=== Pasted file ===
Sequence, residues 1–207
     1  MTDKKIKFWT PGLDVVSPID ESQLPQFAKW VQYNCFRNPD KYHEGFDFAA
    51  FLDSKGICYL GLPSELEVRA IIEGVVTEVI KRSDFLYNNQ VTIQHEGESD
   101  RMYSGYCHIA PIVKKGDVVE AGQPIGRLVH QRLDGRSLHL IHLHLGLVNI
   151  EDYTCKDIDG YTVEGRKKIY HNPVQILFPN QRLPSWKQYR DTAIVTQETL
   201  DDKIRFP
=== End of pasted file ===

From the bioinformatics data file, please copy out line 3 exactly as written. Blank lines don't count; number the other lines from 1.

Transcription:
    51  FLDSKGICYL GLPSELEVRA IIEGVVTEVI KRSDFLYNNQ VTIQHEGESD